As the Ramadan fast begins later in the week, Saudi Arabia’s Council of Senior Scholars has urged Muslims around the world to pray at home if they reside in countries that have imposed lockdowns or curfews to curb the coronavirus outbreak.
The Saudi Press Agency reported on Sunday that the authorities advised Muslims to partake in their religious practices, such as praying but refrain from causing harm to others.
“Muslims should set an example by performing their religious duties while adhering to the preventative and precautionary measures issued by relevant authorities in the countries they live in,” the council admonished in a statement.
The scholars urged Muslims to avoid gatherings which they said were the main cause of the spread of the infection.
“Muslims shall avoid gatherings because they are the main cause of the spread of infection and shall remember that preserving the lives of people is a great act that brings them closer to God,” the council noted.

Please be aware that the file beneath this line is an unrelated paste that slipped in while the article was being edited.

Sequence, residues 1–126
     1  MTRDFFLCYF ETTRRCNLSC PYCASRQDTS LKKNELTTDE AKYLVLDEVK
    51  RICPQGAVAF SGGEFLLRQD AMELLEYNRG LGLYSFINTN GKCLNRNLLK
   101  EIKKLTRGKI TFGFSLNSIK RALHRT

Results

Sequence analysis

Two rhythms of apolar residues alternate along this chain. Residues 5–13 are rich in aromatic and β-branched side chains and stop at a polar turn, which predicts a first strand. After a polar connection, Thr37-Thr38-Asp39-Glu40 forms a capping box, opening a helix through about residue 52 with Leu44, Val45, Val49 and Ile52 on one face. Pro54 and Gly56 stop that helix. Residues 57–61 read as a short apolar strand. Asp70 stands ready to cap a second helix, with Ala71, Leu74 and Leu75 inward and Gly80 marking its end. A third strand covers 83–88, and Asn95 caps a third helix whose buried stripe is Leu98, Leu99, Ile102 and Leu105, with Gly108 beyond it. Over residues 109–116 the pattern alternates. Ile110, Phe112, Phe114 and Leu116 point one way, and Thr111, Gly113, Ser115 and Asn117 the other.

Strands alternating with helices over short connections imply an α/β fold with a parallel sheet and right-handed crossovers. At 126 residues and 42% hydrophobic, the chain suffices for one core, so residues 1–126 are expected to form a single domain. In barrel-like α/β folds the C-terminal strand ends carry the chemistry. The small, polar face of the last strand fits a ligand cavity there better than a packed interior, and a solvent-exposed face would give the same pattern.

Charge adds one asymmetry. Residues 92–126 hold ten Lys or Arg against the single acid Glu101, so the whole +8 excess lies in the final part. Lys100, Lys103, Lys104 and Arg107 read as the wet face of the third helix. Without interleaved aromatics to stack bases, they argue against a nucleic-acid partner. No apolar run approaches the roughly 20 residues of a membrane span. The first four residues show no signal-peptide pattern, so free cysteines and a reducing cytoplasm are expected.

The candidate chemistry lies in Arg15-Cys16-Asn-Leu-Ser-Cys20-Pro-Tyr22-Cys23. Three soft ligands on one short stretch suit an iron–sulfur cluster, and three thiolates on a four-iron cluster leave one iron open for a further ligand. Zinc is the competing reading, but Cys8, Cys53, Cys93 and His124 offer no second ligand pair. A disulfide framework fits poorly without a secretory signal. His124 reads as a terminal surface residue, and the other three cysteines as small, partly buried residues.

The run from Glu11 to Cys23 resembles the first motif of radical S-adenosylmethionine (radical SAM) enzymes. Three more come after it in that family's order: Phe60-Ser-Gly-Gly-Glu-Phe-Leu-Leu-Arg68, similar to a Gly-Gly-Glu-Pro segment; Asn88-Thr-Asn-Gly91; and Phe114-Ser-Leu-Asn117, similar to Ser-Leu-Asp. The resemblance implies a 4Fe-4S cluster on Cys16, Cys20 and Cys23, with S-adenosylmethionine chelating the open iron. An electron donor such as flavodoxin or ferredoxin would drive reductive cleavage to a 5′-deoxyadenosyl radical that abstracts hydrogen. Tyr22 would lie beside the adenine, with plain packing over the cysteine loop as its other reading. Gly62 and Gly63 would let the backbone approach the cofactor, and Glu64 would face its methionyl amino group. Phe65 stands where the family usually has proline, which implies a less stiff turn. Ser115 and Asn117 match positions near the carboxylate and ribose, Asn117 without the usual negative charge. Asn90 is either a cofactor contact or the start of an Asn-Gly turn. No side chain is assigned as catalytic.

The kingdom’s Grand Mufti Sheikh Abdulaziz Al al-Sheikh expressed the same sentiment on Friday.
He said that Muslim prayers during Ramadan and for the subsequent Eid al-Fitr feast should be performed at home if the coronavirus outbreak continues.
Saudi Arabia has reported 8,274 cases of COVID-19 and 92 deaths so far, the highest among the six Gulf Arab states with the total number of cases in the region being 24,374 with 156 deaths.
The Saudi government in mid-March stopped people performing daily prayers and the weekly Friday prayer inside mosques as part of efforts to curb the spread of the disease.
Last week, the Prophet’s Mosque in the holy city of Medina said it was banning events that dispense evening meals in the mosque to those in need during Ramadan to break their daily fast.
Several other Islamic countries including Egypt and the United Arab Emirates have suspended group prayers in mosques until further notice to slow the spread of the virus.